This 1,450 square foot loft was designed for an attorney with a large Manhattan law firm. The screen-like partitions were developed to do a number of things formally and functionally. Their relatively short height makes the space seem larger and allows it to be read as a whole. The screens that flank the living room enlarge the space beyond the columns, which seem to disappear into the furniture layout. Finally their articulation as folding screens creates an illusion of two-dimensionality, hiding the closets and cabinets within their volumes. When opened, the unexpected physical reality of their interior space is revealed, often surprising visitors.
The minimalism of the interior, and the strict layout of the furniture are offset by the rich patterns of the screen fabrics. Transformations of the stereotypical floral patterns found on one's grandmother's screens were chosen; their design defines the degree of formality each space has.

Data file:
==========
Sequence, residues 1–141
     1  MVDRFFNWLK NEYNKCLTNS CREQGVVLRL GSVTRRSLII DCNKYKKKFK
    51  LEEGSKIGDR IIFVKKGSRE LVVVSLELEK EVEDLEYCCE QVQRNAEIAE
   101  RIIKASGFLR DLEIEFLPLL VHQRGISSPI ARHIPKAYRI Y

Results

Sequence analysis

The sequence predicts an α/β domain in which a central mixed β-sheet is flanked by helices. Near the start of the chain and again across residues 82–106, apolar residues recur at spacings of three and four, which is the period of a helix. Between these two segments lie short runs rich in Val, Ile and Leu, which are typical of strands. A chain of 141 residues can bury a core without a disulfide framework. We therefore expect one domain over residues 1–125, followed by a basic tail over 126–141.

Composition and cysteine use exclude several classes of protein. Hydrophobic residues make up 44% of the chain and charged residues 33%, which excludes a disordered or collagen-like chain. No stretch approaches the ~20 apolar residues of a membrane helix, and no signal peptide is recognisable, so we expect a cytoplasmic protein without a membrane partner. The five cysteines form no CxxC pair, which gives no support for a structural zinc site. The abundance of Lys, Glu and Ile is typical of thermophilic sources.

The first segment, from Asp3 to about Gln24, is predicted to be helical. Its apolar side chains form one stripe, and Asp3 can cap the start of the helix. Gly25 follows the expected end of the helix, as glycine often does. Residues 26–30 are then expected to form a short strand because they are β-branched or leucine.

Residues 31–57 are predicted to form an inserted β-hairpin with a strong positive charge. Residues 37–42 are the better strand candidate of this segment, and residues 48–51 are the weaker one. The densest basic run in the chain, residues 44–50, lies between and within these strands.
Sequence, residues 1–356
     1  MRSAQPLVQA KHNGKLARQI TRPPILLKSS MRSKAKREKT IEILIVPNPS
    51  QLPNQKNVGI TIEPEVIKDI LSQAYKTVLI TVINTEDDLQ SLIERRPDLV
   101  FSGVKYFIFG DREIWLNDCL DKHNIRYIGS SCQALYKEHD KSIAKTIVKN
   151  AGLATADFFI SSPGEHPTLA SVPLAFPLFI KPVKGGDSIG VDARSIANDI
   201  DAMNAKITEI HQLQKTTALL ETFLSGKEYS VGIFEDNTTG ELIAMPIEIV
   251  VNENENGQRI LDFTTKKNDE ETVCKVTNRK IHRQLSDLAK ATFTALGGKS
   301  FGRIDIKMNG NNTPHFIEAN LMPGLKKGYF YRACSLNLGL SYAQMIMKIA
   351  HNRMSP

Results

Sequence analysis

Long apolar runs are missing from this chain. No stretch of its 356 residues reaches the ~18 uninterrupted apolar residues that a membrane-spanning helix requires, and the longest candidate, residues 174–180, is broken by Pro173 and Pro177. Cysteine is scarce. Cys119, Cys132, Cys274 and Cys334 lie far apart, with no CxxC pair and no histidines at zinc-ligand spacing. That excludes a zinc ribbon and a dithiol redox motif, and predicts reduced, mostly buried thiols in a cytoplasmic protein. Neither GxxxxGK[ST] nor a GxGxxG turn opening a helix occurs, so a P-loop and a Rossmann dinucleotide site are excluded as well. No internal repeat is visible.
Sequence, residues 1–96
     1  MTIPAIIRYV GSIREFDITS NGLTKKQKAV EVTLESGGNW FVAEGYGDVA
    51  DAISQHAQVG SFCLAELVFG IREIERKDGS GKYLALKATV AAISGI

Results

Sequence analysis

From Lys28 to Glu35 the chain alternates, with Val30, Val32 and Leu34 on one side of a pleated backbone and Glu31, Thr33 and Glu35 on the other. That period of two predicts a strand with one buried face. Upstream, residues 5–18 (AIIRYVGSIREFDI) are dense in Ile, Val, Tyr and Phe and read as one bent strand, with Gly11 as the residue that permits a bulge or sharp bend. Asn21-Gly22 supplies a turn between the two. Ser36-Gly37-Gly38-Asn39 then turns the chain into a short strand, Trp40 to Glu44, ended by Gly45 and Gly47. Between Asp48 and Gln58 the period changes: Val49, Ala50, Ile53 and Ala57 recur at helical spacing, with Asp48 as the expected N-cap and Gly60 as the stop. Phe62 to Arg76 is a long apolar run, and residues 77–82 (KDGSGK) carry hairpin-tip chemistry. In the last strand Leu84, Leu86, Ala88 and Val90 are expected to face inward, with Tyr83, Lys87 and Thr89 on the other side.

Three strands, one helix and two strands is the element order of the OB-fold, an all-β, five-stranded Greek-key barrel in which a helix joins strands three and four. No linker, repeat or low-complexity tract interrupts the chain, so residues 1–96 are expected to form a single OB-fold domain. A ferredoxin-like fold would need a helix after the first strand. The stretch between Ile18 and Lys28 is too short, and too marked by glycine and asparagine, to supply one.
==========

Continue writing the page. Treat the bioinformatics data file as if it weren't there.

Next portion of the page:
The geometry of the screens and the modern furniture contrasts with the more figural central pieces of furniture in each room: the dining table, coffee table and bed. We designed each with four different leg designs, which are part baluster, part pedestal, and part idealization of the human form, rendered in four different styles, and reminiscent of different eras both in furniture and architectural design.